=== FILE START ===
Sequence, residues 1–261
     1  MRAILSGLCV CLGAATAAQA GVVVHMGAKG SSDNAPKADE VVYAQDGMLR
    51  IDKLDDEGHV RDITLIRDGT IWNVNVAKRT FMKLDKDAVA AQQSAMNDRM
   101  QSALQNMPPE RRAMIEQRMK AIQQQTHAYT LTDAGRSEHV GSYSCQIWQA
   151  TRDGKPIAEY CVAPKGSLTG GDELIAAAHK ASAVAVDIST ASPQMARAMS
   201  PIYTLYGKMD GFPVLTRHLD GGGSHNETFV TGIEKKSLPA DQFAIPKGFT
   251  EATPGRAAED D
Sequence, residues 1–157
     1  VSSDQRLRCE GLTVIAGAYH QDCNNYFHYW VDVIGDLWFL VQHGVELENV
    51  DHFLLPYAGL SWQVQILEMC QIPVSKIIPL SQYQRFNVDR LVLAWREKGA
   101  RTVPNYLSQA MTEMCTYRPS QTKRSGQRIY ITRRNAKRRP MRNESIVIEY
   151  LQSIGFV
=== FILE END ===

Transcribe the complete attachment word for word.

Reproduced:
Sequence, residues 1–261
     1  MRAILSGLCV CLGAATAAQA GVVVHMGAKG SSDNAPKADE VVYAQDGMLR
    51  IDKLDDEGHV RDITLIRDGT IWNVNVAKRT FMKLDKDAVA AQQSAMNDRM
   101  QSALQNMPPE RRAMIEQRMK AIQQQTHAYT LTDAGRSEHV GSYSCQIWQA
   151  TRDGKPIAEY CVAPKGSLTG GDELIAAAHK ASAVAVDIST ASPQMARAMS
   201  PIYTLYGKMD GFPVLTRHLD GGGSHNETFV TGIEKKSLPA DQFAIPKGFT
   251  EATPGRAAED D
Sequence, residues 1–157
     1  VSSDQRLRCE GLTVIAGAYH QDCNNYFHYW VDVIGDLWFL VQHGVELENV
    51  DHFLLPYAGL SWQVQILEMC QIPVSKIIPL SQYQRFNVDR LVLAWREKGA
   101  RTVPNYLSQA MTEMCTYRPS QTKRSGQRIY ITRRNAKRRP MRNESIVIEY
   151  LQSIGFV